# Using Euler's Method [duplicate]

Relatively new with Mathematica and trying to finish this problem, this is the second problem, the previous was the same questions, but a different equation "x-y." I was able to complete that one with the same code I have provided in the image, but this new function is throwing me off. I have tried to run the code and as you can see it gave no output. Taking any advice and thank you for your time.

• Your table command can't just have n at the end. It needs something like {n,1,number}. if you google Euler method and mathematica, there are lots of examples even on this site. Jul 21 '17 at 2:47
• @Nasser thanks I will look into it, this was the layout my teacher gave us.
– Mike
Jul 21 '17 at 2:48
• May be teacher made typo. table command should have ,{n,starting number, ending number} at the end. You just have n there. What is n? You should tests your expressions on the side. Write each command on ONE cell and look at the output below it. Do not write more than command in same cell. One command per cell only. Makes debugging much easier. Jul 21 '17 at 2:50
• @Nasser May I respond to this question with my code from the previous problem that worked, and maybe you can take a look at it?
– Mike
Jul 21 '17 at 2:53
• @Nasser I think the Table command is fine, since n = 50 is initialized. It just accumulates the results of 50 Euler steps.-- Mike, for 2), look up VectorPlot and/or StreamPlot. I would bet your teacher mentioned one or the other at some point (or meant to). You could also search this site for direction field or slope field. Jul 21 '17 at 3:03

I think the problem is that the notebook interface is stalled because your output grows to a huge expression. This is because you're using exact arithmetic in an iterative way. The simple solution would be to surround the first lines by N[...] or to put decimal points into all your starting values to make them machine-precision numbers.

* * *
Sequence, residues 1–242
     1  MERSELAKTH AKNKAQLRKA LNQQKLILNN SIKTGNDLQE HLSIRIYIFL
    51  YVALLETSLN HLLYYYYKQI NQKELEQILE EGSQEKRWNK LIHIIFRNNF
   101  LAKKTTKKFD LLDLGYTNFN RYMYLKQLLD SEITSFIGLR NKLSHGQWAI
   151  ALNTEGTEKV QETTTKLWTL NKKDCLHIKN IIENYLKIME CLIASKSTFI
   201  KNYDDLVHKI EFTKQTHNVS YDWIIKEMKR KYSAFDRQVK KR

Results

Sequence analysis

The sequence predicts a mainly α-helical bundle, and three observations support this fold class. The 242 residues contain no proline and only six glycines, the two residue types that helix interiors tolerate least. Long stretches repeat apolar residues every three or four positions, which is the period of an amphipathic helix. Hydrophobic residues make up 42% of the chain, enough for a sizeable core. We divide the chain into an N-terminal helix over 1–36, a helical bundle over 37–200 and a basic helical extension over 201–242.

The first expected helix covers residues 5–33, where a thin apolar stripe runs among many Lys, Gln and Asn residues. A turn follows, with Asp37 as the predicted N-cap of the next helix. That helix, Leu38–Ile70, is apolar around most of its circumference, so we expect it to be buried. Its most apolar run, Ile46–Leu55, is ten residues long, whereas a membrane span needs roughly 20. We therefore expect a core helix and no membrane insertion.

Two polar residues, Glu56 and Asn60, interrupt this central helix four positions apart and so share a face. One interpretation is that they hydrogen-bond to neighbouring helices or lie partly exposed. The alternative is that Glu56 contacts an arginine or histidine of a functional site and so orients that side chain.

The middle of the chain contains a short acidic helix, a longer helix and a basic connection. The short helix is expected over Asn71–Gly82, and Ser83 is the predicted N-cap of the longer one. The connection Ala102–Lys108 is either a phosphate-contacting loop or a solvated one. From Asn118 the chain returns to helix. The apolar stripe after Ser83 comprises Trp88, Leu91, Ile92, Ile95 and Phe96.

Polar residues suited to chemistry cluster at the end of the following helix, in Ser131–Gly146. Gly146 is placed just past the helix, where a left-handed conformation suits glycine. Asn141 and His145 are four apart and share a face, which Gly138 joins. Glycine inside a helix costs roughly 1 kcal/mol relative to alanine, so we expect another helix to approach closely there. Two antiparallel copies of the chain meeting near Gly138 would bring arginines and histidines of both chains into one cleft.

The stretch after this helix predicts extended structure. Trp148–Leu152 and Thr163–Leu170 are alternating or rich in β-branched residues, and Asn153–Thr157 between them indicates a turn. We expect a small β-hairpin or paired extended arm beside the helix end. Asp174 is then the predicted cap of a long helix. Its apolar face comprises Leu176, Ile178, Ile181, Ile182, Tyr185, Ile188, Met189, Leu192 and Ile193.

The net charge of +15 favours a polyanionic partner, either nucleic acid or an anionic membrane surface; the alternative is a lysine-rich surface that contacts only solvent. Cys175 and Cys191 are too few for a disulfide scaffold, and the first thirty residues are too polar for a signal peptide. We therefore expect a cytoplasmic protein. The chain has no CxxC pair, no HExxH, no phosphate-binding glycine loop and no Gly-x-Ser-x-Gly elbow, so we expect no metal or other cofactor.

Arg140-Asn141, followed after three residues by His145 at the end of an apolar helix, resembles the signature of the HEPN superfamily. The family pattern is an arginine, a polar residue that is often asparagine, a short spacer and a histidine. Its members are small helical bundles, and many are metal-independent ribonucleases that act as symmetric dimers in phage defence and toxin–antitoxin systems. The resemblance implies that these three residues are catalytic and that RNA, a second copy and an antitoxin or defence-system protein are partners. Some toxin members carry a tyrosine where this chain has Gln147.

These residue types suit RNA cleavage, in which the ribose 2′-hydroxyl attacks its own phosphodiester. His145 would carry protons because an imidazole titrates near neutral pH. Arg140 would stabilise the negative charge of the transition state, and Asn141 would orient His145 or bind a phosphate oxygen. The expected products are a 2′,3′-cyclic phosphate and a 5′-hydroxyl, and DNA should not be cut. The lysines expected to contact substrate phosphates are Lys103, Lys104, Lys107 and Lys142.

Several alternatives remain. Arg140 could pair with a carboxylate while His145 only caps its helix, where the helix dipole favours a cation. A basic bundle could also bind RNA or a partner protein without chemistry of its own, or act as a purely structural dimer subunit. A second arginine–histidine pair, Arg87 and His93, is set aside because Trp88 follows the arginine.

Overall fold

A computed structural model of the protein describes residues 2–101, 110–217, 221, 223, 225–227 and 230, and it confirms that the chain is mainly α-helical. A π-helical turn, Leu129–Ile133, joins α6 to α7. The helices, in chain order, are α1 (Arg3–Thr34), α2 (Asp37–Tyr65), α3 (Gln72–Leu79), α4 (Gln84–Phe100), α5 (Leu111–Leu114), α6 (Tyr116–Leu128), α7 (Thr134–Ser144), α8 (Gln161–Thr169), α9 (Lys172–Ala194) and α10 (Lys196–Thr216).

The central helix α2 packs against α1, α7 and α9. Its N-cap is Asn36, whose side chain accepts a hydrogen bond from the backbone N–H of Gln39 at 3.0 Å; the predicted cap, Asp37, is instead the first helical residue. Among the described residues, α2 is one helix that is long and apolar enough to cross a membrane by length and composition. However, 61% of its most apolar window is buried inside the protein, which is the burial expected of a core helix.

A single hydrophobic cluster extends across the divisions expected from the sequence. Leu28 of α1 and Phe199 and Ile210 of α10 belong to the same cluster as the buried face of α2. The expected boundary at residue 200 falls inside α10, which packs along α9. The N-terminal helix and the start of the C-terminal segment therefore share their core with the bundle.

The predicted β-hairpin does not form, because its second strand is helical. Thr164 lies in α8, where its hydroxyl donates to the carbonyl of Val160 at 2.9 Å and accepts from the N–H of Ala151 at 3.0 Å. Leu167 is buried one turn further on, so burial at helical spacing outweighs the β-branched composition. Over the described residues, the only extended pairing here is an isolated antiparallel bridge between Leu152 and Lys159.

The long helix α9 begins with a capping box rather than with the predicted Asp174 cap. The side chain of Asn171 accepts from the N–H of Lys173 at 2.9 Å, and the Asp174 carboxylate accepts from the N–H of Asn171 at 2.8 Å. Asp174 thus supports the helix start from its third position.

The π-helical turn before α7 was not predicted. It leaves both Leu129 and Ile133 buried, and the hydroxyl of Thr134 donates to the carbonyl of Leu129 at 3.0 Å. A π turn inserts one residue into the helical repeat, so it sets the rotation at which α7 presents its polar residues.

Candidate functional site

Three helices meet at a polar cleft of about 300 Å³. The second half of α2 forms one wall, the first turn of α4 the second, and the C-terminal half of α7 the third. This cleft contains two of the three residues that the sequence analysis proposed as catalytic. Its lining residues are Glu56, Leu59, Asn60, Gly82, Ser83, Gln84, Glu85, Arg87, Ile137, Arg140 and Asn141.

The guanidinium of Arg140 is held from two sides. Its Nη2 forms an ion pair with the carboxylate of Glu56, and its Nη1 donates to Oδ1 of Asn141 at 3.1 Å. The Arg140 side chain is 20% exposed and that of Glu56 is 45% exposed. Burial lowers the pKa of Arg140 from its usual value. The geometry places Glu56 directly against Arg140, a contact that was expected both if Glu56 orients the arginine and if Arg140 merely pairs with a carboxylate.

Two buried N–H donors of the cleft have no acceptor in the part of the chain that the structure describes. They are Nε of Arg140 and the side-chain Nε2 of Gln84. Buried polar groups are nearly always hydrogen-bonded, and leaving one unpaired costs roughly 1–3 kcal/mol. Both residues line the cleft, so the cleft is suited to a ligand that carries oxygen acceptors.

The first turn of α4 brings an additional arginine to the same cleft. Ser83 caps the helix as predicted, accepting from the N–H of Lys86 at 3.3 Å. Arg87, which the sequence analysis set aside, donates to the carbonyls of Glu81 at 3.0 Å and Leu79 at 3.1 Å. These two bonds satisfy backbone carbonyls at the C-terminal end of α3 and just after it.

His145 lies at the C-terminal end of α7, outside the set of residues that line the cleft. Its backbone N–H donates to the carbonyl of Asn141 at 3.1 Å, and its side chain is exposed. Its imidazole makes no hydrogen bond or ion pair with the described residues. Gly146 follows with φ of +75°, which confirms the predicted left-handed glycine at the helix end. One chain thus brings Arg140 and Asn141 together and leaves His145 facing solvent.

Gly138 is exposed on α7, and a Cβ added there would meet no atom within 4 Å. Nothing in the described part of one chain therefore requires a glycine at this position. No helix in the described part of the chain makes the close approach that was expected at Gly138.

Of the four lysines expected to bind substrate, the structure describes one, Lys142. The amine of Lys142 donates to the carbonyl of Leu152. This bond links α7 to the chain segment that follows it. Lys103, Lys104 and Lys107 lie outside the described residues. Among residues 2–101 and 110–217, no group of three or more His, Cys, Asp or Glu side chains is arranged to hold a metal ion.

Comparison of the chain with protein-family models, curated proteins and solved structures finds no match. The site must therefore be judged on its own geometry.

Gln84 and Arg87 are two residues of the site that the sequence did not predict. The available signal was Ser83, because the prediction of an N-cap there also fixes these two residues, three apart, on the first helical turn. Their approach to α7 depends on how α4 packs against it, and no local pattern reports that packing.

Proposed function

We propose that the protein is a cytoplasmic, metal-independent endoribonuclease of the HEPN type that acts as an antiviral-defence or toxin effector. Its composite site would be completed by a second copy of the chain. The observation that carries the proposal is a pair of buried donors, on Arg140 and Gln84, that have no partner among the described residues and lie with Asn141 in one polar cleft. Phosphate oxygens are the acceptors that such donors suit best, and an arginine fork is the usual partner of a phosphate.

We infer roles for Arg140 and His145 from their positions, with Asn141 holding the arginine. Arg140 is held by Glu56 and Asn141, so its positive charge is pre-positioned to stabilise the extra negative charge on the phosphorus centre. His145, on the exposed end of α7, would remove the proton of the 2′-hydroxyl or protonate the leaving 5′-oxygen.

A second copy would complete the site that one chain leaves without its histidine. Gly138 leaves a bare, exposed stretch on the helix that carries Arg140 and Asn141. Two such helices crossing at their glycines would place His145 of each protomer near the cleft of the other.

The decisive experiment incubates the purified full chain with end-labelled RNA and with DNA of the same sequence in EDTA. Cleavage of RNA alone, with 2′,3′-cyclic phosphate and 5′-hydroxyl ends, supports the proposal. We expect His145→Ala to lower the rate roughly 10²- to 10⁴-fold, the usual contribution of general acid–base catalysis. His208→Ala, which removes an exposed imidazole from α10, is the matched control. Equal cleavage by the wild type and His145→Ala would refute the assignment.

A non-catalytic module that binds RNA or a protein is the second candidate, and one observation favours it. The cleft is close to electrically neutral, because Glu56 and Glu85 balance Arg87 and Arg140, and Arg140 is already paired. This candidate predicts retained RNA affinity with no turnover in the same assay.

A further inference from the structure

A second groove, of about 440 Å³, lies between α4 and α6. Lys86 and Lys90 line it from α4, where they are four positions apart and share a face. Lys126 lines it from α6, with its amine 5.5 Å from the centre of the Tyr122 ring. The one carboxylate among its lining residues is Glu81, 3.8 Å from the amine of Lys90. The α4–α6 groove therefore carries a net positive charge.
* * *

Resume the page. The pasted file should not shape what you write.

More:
So just modify your code to this:

xf = 4;
x0 = 1;
y0 = -2;
n = 50;

h = (xf - x0)/n;

f[x_, y_] := Log[x] + y + 1

Table[
(x1 = N[x0 + h]);
(y1 = N[y0 + h f[x0, y0]]);
(x0 = x1; y0 = y1), n]


{-2.06, -2.1201, -2.18051, -2.24141, -2.30299, -2.36543, -2.4289, \ -2.4936, -2.55969, -2.62736, -2.69681, -2.76821, -2.84176, -2.91767, \ -2.99614, -3.0774, -3.16167, -3.24918, -3.34019, -3.43495, -3.53374, \ -3.63684, -3.74456, -3.85721, -3.97512, -4.09865, -4.22817, -4.36407, \ -4.50676, -4.65669, -4.81432, -4.98013, -5.15464, -5.3384, -5.53199, \ -5.73603, -5.95116, -6.17806, -6.41748, -6.67017, -6.93695, -7.21869, \ -7.5163, -7.83076, -8.16309, -8.51437, -8.88577, -9.2785, -9.69386, \ -10.1332}

However, you should really not be using Table for this. Look up Do, or much better in this case: NestList.

It's not easy to figure out what's going on when Mathematica hangs without any feedback - the notebook interface does that much too often.

• I tried using both your method where I include the N on each equation and changing to Nestlist, neither of which worked.
– Mike
Jul 21 '17 at 17:23
• It works fine, as you can see in my edit. Make sure to restart the calculation from the top. This is important because your variables aren't localized.
– Jens
Jul 21 '17 at 18:27